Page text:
It's worth looking back at the numbers. The St. Louis Cardinals were battling the Tigers for a World Series, and one of the key cogs was a young reliever by the name of Adam Wainwright. That postseason Wainwright posted some absurd numbers. Here are just a few of them:
0.00 ERA 0.66 FIP 13.97 K/9 1.86 BB/9 .194 BAA
The Cardinals moved Wainwright to the rotation in 2007, and he rewarded the reigning world champions with 200+ innings of 3.70 ERA ball. That would also be the last time Wainwright posted a WAR below four in a full season (In 2008 Wainwright only managed 2.4 WAR over just 132 innings).
In 2013 Adam Wainwright might post a new career high in WAR, but he fails to receive as much press as other aces like Justin Verlander or Clayton Kershaw. No, he hasn't put up an 8-WAR season like Verlander, nor does he have a career ERA below 3 like Kershaw. What he does have is a strong career in which he's put up over 27 WAR in 8* seasons, and a reputation as one of the best postseason pitchers out there. Save for a lost 2011 season, the Cardinals have been able to count on Wainwright to be a key cog in their rotation, providing 200 innings of ace-level pitching year in and year out.
*2005, counted for the purpose of this statement, saw Wainwright throw just two IP.
How Does He Do It?
Over the course of his career Wainwright has been primarily a 3-pitch pitcher. Roughly 87% of the pitches thrown by
Wainwright were either sinkers, curveballs, or cutters. The sinker was Wainwright's "fastball" of choice, and he threw it over 42% of the time. Next was the curveball, which he threw almost 25% of the time. The 'big 3' in his repertoire was rounded out with the cutter which Wainwright used a little more than 20% of the time.
The other pitches in Wainwright utilized were a four-Seam fastball and a change up. Each pitch was used almost 6.5% of the time.
In 2013 however, Wainwright has begun to shift his approach to include fewer sinkers and more four-seam fastballs. The cutter has also seen increased usage, and is now the most used pitch he throws. He's become more of a four pitch pitcher with the results proving overwhelmingly positive. Take a look at the chart below for Wainwright's pitch usage and movement stats from 2013:
The image above, courtesy of Brooks Baseball shows that Wainwright has taken a much more balanced approach to pitching in 2013. He's able to use all 5 pitches because each serves a distinct purpose. Wainwright doesn't try to fool the hitter or surprise him with his pitches. As you can see below, his pitch usage percentages are pretty much exactly what you would expect to see if a guy took a common sense approach to pitching:
Early in the count, or if the batter is ahead, Wainwright throws a heavy dose of sinkers, four-seamers, or cutters. All three of those pitches have minimal movement, and allow Wainwright to pound the strike zone. When ahead in the count, he leverages his curveball to put batters away, regardless of handedness. The red boxes above indicate that he throws the pitch 10% more than his season average in that count, while the blue boxes indicate that pitch is thrown 10% less than usual in that count.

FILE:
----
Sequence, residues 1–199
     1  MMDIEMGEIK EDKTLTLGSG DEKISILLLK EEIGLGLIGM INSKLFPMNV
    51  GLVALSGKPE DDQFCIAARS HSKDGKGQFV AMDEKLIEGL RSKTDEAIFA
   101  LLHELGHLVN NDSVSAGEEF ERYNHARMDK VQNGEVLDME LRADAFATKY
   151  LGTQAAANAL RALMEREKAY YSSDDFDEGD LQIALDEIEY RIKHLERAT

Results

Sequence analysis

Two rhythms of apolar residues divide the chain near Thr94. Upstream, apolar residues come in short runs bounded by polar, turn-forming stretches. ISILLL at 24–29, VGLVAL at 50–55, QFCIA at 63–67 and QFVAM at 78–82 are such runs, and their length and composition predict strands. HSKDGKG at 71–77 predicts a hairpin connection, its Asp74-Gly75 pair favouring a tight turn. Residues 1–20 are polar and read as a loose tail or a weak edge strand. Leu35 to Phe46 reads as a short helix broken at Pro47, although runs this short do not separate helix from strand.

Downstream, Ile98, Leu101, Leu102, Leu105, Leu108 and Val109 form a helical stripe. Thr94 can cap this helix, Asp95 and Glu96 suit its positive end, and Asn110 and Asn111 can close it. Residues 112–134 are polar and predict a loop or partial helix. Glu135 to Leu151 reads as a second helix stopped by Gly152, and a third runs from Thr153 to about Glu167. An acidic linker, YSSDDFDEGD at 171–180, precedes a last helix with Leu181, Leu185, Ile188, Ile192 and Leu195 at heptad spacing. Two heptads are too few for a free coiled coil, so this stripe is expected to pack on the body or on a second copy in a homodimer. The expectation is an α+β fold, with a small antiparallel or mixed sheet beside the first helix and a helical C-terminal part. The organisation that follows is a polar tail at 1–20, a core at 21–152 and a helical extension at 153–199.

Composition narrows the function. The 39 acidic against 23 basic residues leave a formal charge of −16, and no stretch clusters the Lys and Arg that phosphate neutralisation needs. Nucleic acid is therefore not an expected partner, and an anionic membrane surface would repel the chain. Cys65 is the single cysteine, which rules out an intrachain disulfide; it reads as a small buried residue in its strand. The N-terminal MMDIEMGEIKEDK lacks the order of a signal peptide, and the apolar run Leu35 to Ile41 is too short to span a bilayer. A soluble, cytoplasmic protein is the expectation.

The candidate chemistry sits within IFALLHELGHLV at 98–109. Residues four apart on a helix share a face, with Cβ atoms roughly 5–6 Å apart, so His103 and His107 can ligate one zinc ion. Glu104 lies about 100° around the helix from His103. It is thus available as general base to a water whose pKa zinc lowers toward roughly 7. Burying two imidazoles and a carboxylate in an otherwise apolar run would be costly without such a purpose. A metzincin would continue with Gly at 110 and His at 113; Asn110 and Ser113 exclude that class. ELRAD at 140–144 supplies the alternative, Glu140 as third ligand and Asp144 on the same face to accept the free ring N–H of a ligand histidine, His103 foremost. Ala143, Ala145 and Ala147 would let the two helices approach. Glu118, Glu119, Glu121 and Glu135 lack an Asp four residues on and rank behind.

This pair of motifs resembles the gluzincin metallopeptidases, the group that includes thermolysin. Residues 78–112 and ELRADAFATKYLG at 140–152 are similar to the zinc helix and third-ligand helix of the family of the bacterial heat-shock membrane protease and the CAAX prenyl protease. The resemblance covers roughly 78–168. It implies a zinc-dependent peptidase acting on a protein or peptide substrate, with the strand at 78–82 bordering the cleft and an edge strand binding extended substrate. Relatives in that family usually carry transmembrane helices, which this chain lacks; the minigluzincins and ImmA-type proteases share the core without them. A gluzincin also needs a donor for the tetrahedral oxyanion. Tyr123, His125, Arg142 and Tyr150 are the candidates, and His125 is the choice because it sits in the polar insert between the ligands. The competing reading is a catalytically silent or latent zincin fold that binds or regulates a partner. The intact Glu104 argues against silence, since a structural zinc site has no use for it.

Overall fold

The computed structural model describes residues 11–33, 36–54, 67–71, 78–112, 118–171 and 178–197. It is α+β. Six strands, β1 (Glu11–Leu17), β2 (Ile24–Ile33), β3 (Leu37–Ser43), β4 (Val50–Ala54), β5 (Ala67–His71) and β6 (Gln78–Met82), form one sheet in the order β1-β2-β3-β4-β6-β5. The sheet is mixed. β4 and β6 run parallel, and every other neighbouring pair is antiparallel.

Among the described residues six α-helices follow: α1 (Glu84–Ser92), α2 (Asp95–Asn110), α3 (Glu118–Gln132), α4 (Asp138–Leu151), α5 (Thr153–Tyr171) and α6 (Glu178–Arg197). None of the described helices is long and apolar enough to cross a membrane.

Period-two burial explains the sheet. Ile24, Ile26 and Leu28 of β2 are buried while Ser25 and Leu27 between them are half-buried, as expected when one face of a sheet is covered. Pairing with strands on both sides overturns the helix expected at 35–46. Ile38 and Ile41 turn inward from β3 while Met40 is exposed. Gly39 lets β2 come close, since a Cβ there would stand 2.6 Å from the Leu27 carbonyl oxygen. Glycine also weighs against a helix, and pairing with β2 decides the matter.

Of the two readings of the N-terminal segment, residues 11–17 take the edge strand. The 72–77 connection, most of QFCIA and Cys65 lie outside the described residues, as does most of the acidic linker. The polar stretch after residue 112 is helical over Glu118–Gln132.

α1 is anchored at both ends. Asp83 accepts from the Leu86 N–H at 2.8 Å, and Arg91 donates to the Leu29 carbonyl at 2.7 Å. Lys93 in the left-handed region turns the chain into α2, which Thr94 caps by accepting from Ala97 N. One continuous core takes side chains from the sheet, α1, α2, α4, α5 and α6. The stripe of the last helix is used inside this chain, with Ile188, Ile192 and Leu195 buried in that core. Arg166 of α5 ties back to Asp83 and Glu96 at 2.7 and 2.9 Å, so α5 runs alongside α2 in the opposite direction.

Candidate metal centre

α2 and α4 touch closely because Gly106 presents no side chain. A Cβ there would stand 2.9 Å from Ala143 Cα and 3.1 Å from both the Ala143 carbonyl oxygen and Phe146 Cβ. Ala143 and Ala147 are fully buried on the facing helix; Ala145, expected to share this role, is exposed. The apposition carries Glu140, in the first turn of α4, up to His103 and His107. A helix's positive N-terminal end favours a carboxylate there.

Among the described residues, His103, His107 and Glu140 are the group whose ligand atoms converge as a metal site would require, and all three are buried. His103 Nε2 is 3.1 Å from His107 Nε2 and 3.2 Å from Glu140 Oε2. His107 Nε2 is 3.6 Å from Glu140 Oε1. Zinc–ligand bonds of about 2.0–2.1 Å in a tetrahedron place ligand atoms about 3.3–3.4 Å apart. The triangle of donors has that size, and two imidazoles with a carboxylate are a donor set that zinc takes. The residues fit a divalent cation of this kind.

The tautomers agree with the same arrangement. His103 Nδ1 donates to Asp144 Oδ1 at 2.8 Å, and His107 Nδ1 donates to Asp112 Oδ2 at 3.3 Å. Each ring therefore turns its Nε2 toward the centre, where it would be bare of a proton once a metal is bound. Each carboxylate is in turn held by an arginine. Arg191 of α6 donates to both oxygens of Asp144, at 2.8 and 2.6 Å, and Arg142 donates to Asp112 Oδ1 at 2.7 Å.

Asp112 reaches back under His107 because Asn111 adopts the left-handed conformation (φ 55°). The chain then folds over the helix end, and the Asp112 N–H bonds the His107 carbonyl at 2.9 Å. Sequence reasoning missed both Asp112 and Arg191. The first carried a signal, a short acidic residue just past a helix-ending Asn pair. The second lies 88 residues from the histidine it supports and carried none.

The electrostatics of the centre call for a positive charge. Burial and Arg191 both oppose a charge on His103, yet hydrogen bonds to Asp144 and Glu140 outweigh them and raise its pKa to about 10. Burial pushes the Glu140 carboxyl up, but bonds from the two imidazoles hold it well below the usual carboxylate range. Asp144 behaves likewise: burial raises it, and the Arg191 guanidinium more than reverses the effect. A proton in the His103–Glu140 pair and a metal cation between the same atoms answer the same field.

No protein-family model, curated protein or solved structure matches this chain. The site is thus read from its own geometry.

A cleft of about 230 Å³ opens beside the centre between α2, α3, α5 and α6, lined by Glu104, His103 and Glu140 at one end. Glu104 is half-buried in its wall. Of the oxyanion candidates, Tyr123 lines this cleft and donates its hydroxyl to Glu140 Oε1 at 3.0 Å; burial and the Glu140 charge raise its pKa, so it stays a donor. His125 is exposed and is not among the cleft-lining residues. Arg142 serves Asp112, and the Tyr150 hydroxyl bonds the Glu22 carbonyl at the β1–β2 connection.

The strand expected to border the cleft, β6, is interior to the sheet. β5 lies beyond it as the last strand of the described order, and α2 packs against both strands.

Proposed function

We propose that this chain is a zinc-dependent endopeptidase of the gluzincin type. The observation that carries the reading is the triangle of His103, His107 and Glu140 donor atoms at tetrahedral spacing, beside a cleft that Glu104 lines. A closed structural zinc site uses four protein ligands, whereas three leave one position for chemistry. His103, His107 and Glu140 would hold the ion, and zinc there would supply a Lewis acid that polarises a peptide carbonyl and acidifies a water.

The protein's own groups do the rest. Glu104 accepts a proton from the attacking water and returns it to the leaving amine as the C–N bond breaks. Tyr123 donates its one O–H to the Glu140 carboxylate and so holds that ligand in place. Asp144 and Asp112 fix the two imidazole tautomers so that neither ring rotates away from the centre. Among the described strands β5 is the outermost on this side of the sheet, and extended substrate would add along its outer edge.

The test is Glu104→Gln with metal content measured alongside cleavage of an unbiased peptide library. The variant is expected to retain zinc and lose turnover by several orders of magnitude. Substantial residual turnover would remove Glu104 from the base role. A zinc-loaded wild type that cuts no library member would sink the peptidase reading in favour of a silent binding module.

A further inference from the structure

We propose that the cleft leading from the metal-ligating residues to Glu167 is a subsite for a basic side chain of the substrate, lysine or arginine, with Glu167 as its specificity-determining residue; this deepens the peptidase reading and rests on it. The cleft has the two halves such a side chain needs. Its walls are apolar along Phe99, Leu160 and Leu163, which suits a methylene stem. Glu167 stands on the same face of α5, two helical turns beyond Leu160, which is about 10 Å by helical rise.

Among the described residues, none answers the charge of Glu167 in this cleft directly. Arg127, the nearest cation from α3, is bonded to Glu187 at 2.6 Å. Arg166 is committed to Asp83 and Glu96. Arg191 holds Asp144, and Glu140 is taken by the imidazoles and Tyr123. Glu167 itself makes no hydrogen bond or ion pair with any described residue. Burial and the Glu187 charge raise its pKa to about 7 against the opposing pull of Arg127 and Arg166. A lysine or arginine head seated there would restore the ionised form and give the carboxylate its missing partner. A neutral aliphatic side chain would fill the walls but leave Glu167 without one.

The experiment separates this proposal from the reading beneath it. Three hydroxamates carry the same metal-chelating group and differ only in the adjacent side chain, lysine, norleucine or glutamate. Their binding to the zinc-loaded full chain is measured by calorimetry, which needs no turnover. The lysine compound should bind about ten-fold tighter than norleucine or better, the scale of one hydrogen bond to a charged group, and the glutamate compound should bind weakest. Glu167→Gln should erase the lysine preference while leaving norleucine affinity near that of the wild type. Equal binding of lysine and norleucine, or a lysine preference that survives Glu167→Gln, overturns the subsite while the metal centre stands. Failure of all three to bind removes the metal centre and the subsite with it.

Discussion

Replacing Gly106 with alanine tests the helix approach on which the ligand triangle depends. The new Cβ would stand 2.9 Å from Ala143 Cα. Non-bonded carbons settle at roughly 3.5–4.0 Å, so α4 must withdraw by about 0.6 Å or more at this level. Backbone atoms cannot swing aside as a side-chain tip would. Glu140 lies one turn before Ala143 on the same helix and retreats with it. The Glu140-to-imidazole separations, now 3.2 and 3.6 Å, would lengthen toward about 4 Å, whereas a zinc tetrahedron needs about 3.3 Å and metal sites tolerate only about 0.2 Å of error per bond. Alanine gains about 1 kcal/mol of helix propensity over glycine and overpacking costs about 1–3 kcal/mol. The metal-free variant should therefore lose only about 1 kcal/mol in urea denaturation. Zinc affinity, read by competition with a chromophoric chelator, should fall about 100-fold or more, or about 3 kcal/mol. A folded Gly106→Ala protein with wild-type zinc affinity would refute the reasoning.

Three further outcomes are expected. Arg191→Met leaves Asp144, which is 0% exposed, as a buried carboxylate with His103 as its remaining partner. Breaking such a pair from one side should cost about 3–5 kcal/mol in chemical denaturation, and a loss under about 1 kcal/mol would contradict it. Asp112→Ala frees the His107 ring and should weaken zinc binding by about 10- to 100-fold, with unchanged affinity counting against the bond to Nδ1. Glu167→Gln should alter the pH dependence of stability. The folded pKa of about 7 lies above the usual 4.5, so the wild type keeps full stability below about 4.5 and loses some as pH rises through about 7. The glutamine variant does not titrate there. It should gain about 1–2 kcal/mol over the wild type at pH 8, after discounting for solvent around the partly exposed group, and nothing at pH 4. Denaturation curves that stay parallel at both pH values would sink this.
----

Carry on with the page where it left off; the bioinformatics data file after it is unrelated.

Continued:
The curveball is the key to Wainwright's success, and it's easy to see why. First, it's the only pitch of the four main pitches that features a significantly different profile as you can see below. The plot below features his pitches with velocity on the y-axis and horizontal movement on the x-axis:
The curveball is crucial to Wainwright. His cutter, sinker, and four-seam fastball all come in between 88 and 92 mph, with only slightly varying degrees of horizontal movement. The curveball on the other hand sits at 75.67 mph and features 8.38 inches of horizontal break. Wainwright uses it almost exclusively down in the zone, and is very successful with getting whiffs off his curve. Below you can see just how effective he is at getting that swinging strike:
The bottom row of zones, all below the actual strike zone, feature high whiff rates when Wainwright uses his curveball. As you can see, the lowest whiff percentage out of that group is 44.83% which is from 26 whiffs on 58 swings. Those other swings, the non-whiffs, well, they probably result in ground balls...
At the end of the day, Adam Wainwright goes into at-bats with the hitter knowing exactly what he's going to do. He attacks the zone early with hard pitches (four-seamer, sinker, cutter) and then looks to finish batters off with his breaking ball once he's gotten ahead. Wainwright's curveball is the true key to his success. Batters are likely to either strike out or hit ground balls against the pitch, as exhibited by the .177 batting average or .222 slugging percentage in those situations.
When a hitter steps into the box, he knows what's coming. The funny thing is, Wainwright remains confident that if he executes properly, the hitter won't be able to hit it anyway.
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- Visualizing the NL MVP race
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